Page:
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Tibet Aims the Best in the West

The Tibet Autonomous Region is aiming for a record gross domestic product (GDP) growth rate over the next five years to be the fastest growing region among China's western areas.

Legqog, chairman of the region, said that by reinforcing the agriculture and animal husbandry sectors and stepping up infrastructure construction, Tibet will register an annual GDP growth of 12 percent between 2001 and 2005 - five percentage points higher than the projected national level.

Speaking at the Fourth Session of the Seventh Regional People's Congress in Lhasa, Legqog said the centrepiece of the regional government's work was to do whatever it could to improve the income of farmers and herdsmen.

Under the regional government's five-year plan, farmers and herdsmen - which account for 85 percent of the region's total population of 2.6 million - are expected to see their income increase by 8.5 percent annually, and each of them will earn more than 2,000 yuan (US$240.9) a year by the year 2005.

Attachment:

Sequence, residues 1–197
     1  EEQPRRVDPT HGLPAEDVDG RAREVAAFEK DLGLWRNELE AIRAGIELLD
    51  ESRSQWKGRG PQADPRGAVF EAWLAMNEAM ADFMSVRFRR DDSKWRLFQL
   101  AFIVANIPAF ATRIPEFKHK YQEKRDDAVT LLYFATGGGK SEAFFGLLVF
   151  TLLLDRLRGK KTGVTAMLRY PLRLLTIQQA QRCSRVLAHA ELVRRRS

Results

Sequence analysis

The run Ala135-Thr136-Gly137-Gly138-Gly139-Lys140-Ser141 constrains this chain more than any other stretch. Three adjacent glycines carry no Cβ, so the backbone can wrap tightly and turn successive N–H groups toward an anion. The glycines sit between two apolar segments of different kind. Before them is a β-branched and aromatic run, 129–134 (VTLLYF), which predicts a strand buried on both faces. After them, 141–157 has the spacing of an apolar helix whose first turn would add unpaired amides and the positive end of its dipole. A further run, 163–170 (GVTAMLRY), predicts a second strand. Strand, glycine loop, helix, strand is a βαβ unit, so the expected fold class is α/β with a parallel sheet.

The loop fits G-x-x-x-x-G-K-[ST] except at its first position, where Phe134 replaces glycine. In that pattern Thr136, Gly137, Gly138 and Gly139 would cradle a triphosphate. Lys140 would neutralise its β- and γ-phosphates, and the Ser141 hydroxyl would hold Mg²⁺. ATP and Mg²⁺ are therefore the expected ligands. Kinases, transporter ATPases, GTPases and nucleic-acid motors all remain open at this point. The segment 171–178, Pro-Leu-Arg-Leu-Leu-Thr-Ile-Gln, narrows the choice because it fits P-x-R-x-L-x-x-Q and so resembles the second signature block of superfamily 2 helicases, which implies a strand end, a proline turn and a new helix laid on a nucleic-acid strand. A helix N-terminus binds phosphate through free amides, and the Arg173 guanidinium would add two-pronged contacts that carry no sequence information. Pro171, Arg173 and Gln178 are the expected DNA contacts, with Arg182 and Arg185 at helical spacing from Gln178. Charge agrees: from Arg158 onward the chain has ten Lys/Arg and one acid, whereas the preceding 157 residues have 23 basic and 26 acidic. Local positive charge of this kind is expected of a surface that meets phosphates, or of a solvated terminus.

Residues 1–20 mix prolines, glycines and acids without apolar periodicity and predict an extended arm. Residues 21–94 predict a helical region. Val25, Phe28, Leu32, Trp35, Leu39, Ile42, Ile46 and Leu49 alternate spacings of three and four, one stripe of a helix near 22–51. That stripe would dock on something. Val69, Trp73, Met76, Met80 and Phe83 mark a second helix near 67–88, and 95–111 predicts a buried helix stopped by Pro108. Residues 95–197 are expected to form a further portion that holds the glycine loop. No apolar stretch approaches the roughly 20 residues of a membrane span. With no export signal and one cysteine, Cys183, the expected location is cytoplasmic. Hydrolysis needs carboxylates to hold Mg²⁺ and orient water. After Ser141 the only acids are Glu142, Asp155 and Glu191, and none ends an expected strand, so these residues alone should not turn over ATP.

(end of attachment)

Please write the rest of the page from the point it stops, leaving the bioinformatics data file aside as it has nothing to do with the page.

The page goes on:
The region will allocate more funds to develop transport, irrigation, energy and telecommunications over the next five years, Legqog said.

As well as upgrading the Gonggar and Bamda airports, the region plans to build four airports in Nyingchi, Lhasa, Ngari and in north Tibet, according to Legqog.

More than 3,200 kilometers of roads are expected to be built on "the roof of the world" by 2005, to link up 90 percent of Tibet's towns and 70 percent of its villages.

To ease electricity shortages, the region, which lacks coal, oil and natural gas resources, has decided to tap into hydropower, terrestrial heat and solar energy, so that power can be supplied to most of its remote villages.

Singing high praise for the central government and other regions and provinces for their help in developing Tibet, Legqog said the region's economic growth should rely on its unique industries, such as tourism, Tibetan medicine and organic food.

Over the past five years, 716 aid projects, costing 3.156 billion yuan (US$380.2 million), have been completed in Tibet, significantly bolstering the region's economic strength, Legqog said.

He said that Tibet, seen as a mysterious and adventurous paradise for many trekkers, would step up its efforts to attract more visitors from home and abroad.

(China Daily 05/14/2001)

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